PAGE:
I Am Me (Author: Vitthal P. Yellambalse)

A few years ago, while conversing with a distant relative, the words that have defined this article came to existence.
My relative had called and my 4-year old Brother answered the phone. My relative asked a simple question, “Who is this speaking?”
My little brother replied, “I”
My relative questioned him again, “Who is I?”
“I am me”
Now, while this might sound funny, it is not. The phrase has enough power to provoke thoughts about oneself and one’s identity. The saying “I am me” might sound like a mistake that a 4-year old would make, not the head of an article. To answer this question let us first analyze the question to which this statement was formed.

The simple question of “who am I” is what we hear from people with amnesia, but why don’t we ask this ourselves?
To answer this we must think about how we view ourselves, all of us have a lot in common, we have a body, a mind, intelligence, and emotions. In fact one can keep on listing all the things they have in common with everybody.
So then why are we so different? Why do we behave differently?
In the Taittriya Upanishad, we have 6 “body tags”,

  1. The body
  2. The life giving force
  3. The mind
  4. Intelligence
  5. The “Anandamayakosha”
  6. The entity called God

Within these “body tags”, the Anandamayakosha is “you”. All other body tags are with everyone, except for this one. The Anandamayakosha is what makes you, you. It is the single body tag that differentiates you from everyone else. All the thoughts and experiences that make you the individual you are today is stored in this bag. It is because of this one “body tag” that the individual is different, although all other body tags are made up of the same stuff.

One might say all of us do not have the same intelligence or body features, to this there is a simple answer. The choices that “you” (Anandamayakosha) make will affect your level of intelligence or body features. For example- A student who refuses to study will obviously appear to be of lower intellect when compared to a student that studies. (With reference to a particular subject) In the example it was the choice of the first student himself not to study, hence his intellect was affected.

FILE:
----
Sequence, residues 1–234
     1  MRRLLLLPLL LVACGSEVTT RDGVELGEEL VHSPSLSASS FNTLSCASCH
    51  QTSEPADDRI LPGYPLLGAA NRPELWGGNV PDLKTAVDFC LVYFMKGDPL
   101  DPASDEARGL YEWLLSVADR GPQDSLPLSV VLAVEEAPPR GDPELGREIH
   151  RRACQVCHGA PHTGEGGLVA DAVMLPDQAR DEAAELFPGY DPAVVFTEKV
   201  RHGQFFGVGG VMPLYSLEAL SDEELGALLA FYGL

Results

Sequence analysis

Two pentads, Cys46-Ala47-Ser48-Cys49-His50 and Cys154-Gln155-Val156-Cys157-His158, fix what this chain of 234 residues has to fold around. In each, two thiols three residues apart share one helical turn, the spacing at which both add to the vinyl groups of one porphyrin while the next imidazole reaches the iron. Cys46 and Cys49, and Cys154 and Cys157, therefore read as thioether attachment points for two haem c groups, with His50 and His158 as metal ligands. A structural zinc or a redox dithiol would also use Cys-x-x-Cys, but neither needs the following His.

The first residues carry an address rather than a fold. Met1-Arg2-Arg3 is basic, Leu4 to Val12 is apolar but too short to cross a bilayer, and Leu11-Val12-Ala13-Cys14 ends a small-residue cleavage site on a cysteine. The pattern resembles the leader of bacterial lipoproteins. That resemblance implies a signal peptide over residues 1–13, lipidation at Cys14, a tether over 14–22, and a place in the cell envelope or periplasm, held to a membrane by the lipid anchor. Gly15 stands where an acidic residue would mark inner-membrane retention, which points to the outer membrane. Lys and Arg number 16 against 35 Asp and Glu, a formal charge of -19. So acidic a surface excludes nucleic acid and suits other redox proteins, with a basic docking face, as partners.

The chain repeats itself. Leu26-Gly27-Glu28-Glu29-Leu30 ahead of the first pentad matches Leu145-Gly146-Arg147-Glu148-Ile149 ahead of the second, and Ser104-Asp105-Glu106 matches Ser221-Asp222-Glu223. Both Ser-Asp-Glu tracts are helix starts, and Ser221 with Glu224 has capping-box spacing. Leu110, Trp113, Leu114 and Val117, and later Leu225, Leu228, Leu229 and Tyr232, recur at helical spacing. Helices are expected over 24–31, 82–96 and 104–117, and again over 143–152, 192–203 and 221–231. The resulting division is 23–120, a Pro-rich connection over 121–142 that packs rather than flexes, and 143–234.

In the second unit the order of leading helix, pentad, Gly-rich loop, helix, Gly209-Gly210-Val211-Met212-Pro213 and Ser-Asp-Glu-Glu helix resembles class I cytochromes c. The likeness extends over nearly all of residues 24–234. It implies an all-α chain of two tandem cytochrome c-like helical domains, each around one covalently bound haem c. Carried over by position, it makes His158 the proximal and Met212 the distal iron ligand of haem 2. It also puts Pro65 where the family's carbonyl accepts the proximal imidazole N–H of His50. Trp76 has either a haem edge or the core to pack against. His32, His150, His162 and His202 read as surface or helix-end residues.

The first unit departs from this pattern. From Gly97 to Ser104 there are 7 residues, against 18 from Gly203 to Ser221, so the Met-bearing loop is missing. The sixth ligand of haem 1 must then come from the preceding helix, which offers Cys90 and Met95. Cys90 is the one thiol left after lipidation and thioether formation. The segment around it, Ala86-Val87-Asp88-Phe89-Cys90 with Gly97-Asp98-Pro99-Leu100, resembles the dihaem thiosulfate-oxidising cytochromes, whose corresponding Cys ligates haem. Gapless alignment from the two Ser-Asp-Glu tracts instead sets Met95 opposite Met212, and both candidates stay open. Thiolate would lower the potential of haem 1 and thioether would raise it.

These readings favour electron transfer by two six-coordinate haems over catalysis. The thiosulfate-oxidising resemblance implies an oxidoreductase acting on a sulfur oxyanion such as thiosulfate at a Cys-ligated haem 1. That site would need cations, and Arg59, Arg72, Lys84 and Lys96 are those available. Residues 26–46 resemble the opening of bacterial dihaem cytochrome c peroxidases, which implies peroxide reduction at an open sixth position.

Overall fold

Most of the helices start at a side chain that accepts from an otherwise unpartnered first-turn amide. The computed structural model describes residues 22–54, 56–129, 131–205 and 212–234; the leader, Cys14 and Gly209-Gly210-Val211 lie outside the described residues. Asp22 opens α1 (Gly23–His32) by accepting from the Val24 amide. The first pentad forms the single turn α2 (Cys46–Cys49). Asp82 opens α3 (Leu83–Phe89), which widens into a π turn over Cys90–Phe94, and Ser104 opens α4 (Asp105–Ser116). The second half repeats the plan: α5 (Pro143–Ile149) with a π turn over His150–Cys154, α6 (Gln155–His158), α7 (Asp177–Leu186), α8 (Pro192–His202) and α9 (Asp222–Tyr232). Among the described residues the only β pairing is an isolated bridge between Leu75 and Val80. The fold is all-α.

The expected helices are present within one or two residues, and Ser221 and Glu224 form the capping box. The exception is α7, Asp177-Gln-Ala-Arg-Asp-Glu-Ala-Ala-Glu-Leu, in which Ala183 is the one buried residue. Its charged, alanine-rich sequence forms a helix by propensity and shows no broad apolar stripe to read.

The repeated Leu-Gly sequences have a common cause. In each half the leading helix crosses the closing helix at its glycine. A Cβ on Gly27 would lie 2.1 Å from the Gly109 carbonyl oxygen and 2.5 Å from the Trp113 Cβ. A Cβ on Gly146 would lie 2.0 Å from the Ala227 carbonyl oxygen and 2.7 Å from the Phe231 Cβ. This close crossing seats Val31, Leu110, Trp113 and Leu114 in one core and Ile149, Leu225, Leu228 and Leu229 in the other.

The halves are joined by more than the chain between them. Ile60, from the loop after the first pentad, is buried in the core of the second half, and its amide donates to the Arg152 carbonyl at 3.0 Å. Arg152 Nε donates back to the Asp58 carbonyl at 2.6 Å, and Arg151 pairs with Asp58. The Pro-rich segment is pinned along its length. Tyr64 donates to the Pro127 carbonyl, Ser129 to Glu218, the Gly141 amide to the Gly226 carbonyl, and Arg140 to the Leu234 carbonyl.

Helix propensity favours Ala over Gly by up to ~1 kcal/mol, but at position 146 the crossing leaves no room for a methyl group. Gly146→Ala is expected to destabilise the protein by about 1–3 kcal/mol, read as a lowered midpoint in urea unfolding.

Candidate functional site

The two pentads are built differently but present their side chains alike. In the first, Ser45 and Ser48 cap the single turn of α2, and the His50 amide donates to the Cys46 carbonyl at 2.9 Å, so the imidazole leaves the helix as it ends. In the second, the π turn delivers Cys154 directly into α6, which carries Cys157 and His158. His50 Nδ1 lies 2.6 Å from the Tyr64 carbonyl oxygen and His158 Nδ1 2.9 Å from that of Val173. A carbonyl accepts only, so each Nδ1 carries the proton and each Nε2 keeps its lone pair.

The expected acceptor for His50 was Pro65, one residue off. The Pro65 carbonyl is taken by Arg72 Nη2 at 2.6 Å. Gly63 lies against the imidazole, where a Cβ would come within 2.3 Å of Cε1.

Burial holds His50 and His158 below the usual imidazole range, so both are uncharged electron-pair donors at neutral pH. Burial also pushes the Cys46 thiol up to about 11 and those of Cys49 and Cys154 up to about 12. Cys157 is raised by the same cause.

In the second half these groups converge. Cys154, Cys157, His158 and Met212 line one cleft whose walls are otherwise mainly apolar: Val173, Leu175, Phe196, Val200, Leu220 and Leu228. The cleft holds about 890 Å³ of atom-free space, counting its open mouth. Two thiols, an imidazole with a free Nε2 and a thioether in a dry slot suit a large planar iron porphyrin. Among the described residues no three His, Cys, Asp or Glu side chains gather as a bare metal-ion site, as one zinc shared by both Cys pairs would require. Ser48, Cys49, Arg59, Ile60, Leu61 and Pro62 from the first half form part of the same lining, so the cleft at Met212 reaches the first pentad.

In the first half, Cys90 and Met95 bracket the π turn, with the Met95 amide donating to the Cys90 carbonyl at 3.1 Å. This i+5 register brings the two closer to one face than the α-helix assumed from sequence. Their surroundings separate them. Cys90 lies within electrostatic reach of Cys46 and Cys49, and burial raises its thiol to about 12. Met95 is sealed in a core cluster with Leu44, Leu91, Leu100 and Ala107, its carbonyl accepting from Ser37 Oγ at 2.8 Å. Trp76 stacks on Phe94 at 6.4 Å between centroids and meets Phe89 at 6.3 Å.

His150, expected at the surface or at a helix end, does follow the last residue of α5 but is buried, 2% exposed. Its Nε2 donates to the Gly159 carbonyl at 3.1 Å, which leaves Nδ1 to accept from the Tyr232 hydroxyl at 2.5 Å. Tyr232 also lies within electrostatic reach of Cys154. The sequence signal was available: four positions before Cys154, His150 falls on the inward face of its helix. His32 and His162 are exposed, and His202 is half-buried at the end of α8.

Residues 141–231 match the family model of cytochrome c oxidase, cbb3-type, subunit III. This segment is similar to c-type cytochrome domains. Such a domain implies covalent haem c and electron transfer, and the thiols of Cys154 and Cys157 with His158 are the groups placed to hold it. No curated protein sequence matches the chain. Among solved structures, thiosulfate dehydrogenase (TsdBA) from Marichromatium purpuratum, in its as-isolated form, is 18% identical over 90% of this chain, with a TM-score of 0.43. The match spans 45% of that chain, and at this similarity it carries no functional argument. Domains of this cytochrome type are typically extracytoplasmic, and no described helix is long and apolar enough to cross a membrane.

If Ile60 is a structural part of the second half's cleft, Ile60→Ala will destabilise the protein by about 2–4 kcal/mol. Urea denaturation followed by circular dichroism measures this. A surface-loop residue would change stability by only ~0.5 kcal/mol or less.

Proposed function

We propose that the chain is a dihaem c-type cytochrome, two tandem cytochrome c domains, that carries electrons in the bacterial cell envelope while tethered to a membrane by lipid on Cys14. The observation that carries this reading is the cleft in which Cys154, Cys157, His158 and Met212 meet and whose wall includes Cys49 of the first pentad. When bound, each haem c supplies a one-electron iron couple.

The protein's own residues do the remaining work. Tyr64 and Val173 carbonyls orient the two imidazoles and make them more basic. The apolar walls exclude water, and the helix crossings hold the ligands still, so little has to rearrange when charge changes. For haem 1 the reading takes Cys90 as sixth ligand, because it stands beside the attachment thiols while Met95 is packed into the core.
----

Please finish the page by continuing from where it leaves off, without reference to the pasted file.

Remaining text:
One might also say we are all not born equal. To answer this I will have to create another document. It is a vast topic and is open to discussion.


Who doesn’t like to be in the limelight? Once you reach it, losing the spotlight can be a sad experience. This provokes a question about “uniqueness” is it really the way to go?
In the above paragraph we talked about the entity “you” and how despite having so many things in common with everyone, we are unique. Being “unique” is something that everyone wants to be. They want to be distinguished figures and excel in their fields, and as they climb up the ladder of uniqueness they often forget that no matter how unique they try to be they are still made up of the stuff that everyone is made up of.
So is the quest to becoming unique bad? No
The quest to becoming unique should not make the person forget about the other 5 body tags, the individual must remember that no matter how high he flies he is still tied to the earth.

Usually we find history’s most distinguished individuals saying humble things. Quite often great quotes come from the most humble of origins. “I am me” came from a 4-year old, very humble is it not? So if not being unique is the right way to go then which direction shall we go?


My Father has an affinity to Rave Unde (a traditional sweet made out of cream of wheat and sugar) or any sweet in general, and to make sure that he didn’t eat a lot of them he would always tell me, “In life, the most important thing is moderation.”
“Moderation is the key”
Then he would go and gobble up one of them!!
Just like my father’s tussles with portion control, doing something in moderation is very difficult. Just like all sayings this one too had a humble origin. Why is it so easy to go overboard with something? Why can’t we all do things in moderation?
My teacher once got angry with me and said, “Sometimes you sit quietly, other times you talk so loudly. Your mind is like a monkey!”
Monkeys unfortunately have no self control; hence they do things to their liking always trying to stand out of the crowd. Without the final body tag the “entity called God” or “conscience” we would all be monkeys. The choice is ours (the Anandamayakosha) to listen to this guiding force. So in our quest to be unique we must change our perspective, not to see “two in two” or to find differences in everything we come across, rather we must see “one in one” to see everyone as equals. Only when one does this does the path to become unique becomes righteous.
“Instead of being one in a million, we must be a million in one”


Often my father, who is fond of taking power naps, tells me, “One must be in peace with himself and his surroundings. Only then would he be happy”
He would then promptly fall asleep.

All in all to be truly happy, one must be unique, stand out of the crowd, yet not appear as a distant figure to people, to see everyone as an equal, and continue to be himself / herself.
True to the statement “I am me”

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